Makabayan lawmakers and business sector-backed Judicial Reform Initiative sent letters to the Supreme Court in support of the move.

The DOJ is also studying pleas to release inmates.

The House of Representatives Committee on Justice on April 6, recommended to the Peace and Order Cluster of the Defeat COVID-19 Committee the temporary release of prisoners to decongest jails while the Bureau of Jail Management and Penology (BJMP) also backed the plea as long as there is a court order.

Edre Olalia, president of the National Union of Peoples’ Lawyers, one of the lawyers’ groups representing the inmates, said authorities must move fast.

“It will be catastrophic if they twiddle and dilly-dally any longer. The process of releases even on purely humanitarian grounds should not be ponderous given the extreme urgency and exigency of the situation. Time is of the essence,” he said in a statement.


Erlinda said she is happy that there are groups calling on the government to release qualified prisoners.

“Nalipay ko nga naa’y mga grupo nga motabang sa akong bata nga maapil siya makagawas.

Nalipay ko nga naguol kay…naguol nga wala ko kahibalo sa iyang kahimtang ngadto karon,” she said.

(I’m happy that there are groups who are helping my daughter to be set free. I’m happy but I am also worried because I don’t know her condition right now.)

The last time she saw her daughter was during her last hearing on March 2, which coincided with her husband’s birthday. She and her husband pooled together whatever meager resources they had to be by their daughter’s side on that day.

“Lisod gyud kayo ang kahimtang nga layo kaayo ba. Maayo unta kung naa pod diri dool mi nagpuyo kay makaya-kaya ra ang plete padung sa iyang nahimutangan karon,” Erlinda shared.

(It’s really difficult if you’re far away. It would have been manageable if she were detained nearby, we could afford the fare to visit her.)

Erlinda would have attended the next scheduled hearing on March 16 but the ensuing Metro Manila community quarantine and later, the Luzon-wide enhanced community quarantine, meant the hearings were cancelled and the jail visits suspended.

Ge-ann had requested that she buy her meals that don’t spoil quickly, fruits, alcohol, soap and shampoo.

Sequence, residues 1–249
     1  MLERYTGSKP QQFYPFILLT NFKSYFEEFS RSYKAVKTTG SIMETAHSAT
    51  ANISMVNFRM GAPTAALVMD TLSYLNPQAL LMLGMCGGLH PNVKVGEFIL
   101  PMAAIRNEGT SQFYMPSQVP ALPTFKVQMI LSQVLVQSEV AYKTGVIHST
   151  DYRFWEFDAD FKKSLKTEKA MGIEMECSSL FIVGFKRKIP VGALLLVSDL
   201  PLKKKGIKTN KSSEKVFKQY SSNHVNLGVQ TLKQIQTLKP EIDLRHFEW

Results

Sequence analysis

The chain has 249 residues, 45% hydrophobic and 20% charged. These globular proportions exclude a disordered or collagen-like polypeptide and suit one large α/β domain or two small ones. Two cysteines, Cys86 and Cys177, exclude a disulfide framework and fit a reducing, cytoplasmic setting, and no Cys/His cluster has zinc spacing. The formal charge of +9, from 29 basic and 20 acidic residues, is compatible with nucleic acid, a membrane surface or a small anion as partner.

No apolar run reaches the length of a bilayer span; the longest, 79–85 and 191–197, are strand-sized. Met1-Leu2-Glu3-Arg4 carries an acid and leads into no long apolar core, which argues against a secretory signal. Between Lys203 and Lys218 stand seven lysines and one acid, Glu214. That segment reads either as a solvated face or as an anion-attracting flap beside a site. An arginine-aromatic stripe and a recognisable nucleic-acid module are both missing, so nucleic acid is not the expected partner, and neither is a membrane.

Living in Laguna while her daughter is in Taguig, Erlinda hasn’t been able to comply with her daughter’s request.

What worries Erlinda more is that Ge-ann had not been able to go back to the Philippine General Hospital for a follow-up check-up. She said her daughter needed prescription to counter the side-effects of the medicines she’s taking.

Her fear is that her daughter would end up the same way when she saw her at a hospital after she was arrested in March 2019.

“Didto nakit-an nako ako anak nga lain kayo. Mura’ag ako lang gi-agwanta nga dili gyud makahilak. Ako siyang gigakos kay lisod, lain gyud kaayo iyang kahimtang. Nanlagom iyang nawong, mailhan nimo nga…kana gud nga sakit nga leprosy, kung stressed ka, mokuan man gud nang iyang reaksyon sa lawas, sa iyang nawong,” she said, mentioning black and red sores all over her face and body.

(She looked very different. I almost could not help crying. I hugged her. Her condition was very difficult. Her face had turned dark. If you have leprosy, stress triggers reactions all over the body.)

She was much better when she visited her in December last year, Erlinda said.

But when told it might take a long time before her next visit:

“Nahilom unya nihilak siya kay gusto na daw siya mopauli lagi, unya unsaon man nga, naghinilakay na lang pod ming duha kay ngano, unsaon man nga dili man gyud mahimo nga mopauli siya...”

(She turned quiet. She started crying, saying she wanted to go home. But what can we do? We ended up crying together. What can we do? She really can’t go home even if she wanted to.)

“Mao na akong hangyo sa Korte Suprema nga tagaan unta’g pagtagad ang mga masakiton, tanan nga mga political prisoners, apil na akong bata ana…Mao ra na sir akong pangandoy nga maapil unta akong bata para makapauli na mi’g Cebu,” Erlinda said.

(That’s why I ask the Supreme Court to consider the plight of the sick and all the political prisoners, including my child. That’s my only wish sir, that my daughter might be included among those who will be released so we can go home to Cebu.)